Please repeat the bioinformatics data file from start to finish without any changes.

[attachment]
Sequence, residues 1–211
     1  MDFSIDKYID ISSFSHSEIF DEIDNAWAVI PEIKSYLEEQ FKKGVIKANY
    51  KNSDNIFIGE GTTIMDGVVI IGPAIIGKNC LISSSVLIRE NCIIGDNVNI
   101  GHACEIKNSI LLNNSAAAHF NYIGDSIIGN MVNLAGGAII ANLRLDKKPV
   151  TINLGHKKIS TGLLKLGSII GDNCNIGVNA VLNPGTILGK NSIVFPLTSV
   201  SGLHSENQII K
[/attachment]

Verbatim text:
Sequence, residues 1–211
     1  MDFSIDKYID ISSFSHSEIF DEIDNAWAVI PEIKSYLEEQ FKKGVIKANY
    51  KNSDNIFIGE GTTIMDGVVI IGPAIIGKNC LISSSVLIRE NCIIGDNVNI
   101  GHACEIKNSI LLNNSAAAHF NYIGDSIIGN MVNLAGGAII ANLRLDKKPV
   151  TINLGHKKIS TGLLKLGSII GDNCNIGVNA VLNPGTILGK NSIVFPLTSV
   201  SGLHSENQII K